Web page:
Photo by Pat Tompkins

by Olga Dugan
   For JB and Sherry

Some moments fall over us
like the blue, lavender, jade,
and everlasting-brown blankets
of Middle Eastern skies at dusk.

Lunch time. My civilian relief
unit made our way into the war-
worn city with bottled water,
rations, even candy. Children

chased the dust from our truck
once we stopped for distribution.
That’s when I saw her. A little
girl. Barefoot. Burlap dress

hinging her dusty frame. Black hair,
wind-danced, aging her cheeks.
A hungry look, but dignity regaling
brown eyes. She stood only a few

kicks of sand away, so I stepped out
to meet her, boot to toe, on the brink
of peaceful exchange. Returning
her smile, I offered a bag of sweets.

Through a wide yawn of invisible
fence: Here, I promised, got gummy
bears, sour patch kids from the States.
Speak English? Get nothing but

a shaking head. Okay, candy you
eat like this . . . She imitated a
universal language; pale lips going,
“O.” Her face bloomed petals

of smiles. Here’s more; it’s okay.
Only took a minute of this bone-
dry day under the sun’s relentless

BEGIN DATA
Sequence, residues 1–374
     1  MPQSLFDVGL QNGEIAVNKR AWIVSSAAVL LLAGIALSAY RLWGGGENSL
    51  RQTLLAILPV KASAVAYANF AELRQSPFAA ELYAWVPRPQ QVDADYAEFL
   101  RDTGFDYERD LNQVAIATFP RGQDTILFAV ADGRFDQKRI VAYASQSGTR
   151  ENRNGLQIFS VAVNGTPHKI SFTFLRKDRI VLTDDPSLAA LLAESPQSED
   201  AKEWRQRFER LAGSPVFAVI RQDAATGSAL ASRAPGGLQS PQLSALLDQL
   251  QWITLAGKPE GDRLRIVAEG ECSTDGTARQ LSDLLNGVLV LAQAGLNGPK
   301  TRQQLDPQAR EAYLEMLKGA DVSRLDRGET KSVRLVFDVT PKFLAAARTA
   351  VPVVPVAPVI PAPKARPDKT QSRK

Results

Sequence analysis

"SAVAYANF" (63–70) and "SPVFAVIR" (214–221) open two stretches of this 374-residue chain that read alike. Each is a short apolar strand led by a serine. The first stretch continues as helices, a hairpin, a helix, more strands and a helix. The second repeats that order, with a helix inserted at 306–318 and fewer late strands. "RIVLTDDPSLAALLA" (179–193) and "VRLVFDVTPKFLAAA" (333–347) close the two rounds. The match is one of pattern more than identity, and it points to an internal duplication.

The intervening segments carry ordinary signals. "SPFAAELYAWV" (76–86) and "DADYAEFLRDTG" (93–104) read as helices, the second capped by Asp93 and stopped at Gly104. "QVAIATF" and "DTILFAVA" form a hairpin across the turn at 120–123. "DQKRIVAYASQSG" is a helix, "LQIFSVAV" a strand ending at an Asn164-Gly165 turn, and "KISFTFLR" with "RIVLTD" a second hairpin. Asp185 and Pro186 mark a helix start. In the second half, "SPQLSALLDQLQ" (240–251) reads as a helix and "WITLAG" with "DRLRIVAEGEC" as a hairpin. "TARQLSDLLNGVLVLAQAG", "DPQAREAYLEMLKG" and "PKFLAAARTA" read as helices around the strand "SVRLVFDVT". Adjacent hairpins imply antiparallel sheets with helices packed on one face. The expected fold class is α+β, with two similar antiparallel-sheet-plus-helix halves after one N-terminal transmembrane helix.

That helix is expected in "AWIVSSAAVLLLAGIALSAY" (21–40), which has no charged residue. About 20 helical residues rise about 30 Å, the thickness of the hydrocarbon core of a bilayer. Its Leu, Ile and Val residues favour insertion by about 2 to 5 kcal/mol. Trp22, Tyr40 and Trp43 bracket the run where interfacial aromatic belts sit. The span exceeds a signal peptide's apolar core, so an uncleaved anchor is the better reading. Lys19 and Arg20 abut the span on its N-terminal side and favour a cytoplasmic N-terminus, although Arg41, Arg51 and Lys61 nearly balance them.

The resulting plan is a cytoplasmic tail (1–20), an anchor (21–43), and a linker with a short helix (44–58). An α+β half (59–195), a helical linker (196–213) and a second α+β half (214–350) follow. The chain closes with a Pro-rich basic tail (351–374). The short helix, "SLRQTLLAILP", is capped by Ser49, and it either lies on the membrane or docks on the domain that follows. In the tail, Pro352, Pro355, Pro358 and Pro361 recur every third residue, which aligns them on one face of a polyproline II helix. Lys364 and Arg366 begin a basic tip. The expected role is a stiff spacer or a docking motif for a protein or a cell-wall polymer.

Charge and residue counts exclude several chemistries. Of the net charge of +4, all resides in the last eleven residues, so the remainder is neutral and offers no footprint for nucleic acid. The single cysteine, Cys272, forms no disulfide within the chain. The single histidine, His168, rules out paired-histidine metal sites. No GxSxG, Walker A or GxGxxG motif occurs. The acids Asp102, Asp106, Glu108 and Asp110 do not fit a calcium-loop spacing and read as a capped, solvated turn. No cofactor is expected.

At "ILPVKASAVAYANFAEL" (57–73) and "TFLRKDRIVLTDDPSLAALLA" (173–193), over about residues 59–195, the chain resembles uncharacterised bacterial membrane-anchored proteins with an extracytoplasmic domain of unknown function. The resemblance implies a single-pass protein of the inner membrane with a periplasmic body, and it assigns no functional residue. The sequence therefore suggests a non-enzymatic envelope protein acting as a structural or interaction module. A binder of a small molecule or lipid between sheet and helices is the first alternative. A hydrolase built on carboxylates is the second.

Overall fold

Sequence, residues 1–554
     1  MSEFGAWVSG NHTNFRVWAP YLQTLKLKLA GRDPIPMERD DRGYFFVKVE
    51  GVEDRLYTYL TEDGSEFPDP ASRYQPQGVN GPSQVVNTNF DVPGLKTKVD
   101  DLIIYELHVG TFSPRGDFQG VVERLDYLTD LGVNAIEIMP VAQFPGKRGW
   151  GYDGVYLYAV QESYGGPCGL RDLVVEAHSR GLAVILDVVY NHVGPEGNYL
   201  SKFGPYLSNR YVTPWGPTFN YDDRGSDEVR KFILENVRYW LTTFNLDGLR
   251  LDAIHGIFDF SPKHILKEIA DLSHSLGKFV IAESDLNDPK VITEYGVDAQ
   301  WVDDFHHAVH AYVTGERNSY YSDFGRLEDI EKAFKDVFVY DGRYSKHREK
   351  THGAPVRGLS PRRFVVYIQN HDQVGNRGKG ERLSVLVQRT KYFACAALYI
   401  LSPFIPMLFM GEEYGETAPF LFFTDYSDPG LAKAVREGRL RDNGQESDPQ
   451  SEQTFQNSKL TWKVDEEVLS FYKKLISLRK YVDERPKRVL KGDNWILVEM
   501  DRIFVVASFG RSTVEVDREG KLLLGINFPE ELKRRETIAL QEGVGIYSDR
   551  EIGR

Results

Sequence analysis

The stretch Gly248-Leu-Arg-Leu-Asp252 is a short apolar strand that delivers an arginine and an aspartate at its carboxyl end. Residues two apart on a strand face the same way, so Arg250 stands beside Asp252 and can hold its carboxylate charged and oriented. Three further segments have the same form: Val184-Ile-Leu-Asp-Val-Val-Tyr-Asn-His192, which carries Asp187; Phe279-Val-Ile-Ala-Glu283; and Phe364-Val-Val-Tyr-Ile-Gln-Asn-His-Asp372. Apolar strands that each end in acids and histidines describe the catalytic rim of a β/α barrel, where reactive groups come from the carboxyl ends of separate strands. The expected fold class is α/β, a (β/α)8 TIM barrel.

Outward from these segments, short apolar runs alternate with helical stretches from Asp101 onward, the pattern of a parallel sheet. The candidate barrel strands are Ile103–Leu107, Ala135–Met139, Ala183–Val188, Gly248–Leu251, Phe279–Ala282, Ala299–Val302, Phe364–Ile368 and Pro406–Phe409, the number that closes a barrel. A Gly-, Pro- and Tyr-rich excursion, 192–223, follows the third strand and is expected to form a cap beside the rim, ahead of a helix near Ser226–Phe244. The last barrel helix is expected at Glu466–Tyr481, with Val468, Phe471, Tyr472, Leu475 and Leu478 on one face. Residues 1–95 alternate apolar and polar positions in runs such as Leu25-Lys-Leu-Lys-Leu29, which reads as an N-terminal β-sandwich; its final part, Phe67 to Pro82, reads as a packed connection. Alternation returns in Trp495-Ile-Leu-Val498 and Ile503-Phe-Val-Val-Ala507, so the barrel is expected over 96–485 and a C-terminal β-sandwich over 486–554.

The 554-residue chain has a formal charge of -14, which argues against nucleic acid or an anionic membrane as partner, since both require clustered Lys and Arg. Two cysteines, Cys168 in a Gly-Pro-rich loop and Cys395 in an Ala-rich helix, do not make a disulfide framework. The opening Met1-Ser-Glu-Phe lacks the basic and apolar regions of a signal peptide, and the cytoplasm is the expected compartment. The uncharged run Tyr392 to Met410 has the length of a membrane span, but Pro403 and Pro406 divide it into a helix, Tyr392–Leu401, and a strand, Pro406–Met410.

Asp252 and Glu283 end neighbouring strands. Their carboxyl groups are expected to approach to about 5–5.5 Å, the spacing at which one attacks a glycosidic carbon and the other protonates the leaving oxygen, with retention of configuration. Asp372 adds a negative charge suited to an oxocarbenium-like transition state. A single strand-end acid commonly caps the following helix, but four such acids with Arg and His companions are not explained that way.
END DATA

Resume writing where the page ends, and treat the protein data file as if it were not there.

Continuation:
attack to register the candy

rainbow crashing against her fist.
Why not reach for it? Why plunk
ruddy fingers into a pocket, draw
out a little fist she turned palm up

to reveal a pebble? But the sandy
bauble began to match her eyes.
That dignity. She was offering a
piece of land for a rainbow and

its promise. We both ate well, I
wrote in a letter to my husband
and girls back home, still full
on the gravity of our transaction.

Now, at sunset’s dancing glow,
calm sweeps dunes into a thinning
slit of horizon; it’s Thanksgiving
at my house on the other side

of the world. But a year into my
tour, I don’t feel the same longing
I had before. No, hitting my bunk,
I forget even war; rotted ovenbird

diminishing, not nourishing, our ribs
like the choice fare of human kindness
the little girl and I shared that day
at a table otherwise set for enemies.


About the photographer: Pat Tompkins is an editor in the San Francisco Bay Area. Her essays and poems have appeared in The Bark, Thema, Modern Haiku, and other publications.